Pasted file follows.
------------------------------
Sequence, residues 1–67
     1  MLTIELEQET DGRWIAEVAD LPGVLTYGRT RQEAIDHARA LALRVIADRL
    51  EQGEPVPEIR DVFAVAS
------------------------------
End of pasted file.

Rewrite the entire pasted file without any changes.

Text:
Sequence, residues 1–67
     1  MLTIELEQET DGRWIAEVAD LPGVLTYGRT RQEAIDHARA LALRVIADRL
    51  EQGEPVPEIR DVFAVAS